“Decline is a choice,” the columnist Charles Krauthammer wrote, and some hand-wringing American intellectuals have chosen it with regrettable haste. They are agitated at American assertiveness abroad, yet they nonchalantly report that China is taking over the world. They ignore the likelihood that by being a shrinking violet, the United States would simply hand the future to China. Others on the left, happily not dominant in the Obama administration, embrace decline because they don’t believe the United States is morally fit to be the world’s sole superpower.

Some declinists nudge world leadership on a bemused China. Asked by The New York Times about China’s rise, a Chinese assistant foreign minister replied, “If you say we are a big power, then we are.” Declinists of all stripes are united in failing to grapple with the simple fact that a Pax Sinica designed to replace Pax Americana would not work. America’s world leadership derives not only from its economic weight—which remains vastly greater than China’s—but from additional strengths that China lacks.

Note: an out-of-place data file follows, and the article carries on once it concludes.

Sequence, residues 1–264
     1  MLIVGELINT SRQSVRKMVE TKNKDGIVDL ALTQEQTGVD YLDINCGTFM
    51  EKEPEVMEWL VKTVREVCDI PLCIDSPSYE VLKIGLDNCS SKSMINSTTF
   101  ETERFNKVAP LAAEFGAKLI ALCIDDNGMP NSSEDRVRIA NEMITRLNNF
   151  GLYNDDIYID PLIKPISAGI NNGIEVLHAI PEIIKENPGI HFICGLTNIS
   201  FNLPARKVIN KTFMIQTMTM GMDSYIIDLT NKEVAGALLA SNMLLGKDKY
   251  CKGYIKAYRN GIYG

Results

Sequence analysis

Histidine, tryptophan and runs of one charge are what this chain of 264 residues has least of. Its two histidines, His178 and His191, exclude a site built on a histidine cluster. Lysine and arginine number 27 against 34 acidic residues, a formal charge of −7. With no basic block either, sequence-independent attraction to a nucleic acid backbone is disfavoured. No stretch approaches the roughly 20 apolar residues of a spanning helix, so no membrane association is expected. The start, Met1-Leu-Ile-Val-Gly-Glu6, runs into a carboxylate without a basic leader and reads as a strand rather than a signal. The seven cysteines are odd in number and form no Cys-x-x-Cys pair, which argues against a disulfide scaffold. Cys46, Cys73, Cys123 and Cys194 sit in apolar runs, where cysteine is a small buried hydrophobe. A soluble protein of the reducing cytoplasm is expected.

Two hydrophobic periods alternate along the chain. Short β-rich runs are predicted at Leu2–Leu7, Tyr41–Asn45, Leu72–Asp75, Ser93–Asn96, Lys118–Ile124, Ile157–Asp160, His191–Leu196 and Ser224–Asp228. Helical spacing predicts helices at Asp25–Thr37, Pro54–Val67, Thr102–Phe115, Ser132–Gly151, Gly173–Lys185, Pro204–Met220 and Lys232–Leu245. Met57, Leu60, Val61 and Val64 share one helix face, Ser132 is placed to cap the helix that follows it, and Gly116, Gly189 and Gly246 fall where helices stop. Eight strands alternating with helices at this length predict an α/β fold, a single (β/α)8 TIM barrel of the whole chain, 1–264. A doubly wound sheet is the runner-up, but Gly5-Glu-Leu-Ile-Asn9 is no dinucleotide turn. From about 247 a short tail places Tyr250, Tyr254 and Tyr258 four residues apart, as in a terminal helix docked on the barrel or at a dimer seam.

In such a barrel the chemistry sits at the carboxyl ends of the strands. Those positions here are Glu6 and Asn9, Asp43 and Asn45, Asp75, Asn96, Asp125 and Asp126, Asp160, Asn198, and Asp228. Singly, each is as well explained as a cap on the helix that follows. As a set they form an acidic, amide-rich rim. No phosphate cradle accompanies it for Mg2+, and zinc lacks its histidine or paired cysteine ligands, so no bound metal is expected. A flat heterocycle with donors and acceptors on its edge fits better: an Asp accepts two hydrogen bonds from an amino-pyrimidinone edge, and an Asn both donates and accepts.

Most obviously, despite Beijing’s ambitious military buildup, the People’s Liberation Army doesn’t have the ability to project power far from home. China also lacks a magnetic message for the world that could replace the American brew of democracy, free markets, pop culture, a near universal language, and innovation. Beijing’s model of authoritarian-led prosperity may prove useful for minor Third World countries, but Chinese nationalism is empty of answers for most of the non-Chinese world. Similarly, Chinese culture remains impermeable, clumsy in give-and-take with other cultures. Extraordinary numbers of Chinese workers and engineers now work at sites in the Middle East, Latin America, and Africa, but they live largely in isolation from their host societies. Last year, on the 60th birthday of the People’s Republic of China, Hu Jintao said, “Today a socialist China is standing toweringly in the Eastern world.” Yet, especially in East Asia, Chinese dominion would be a very hard sell.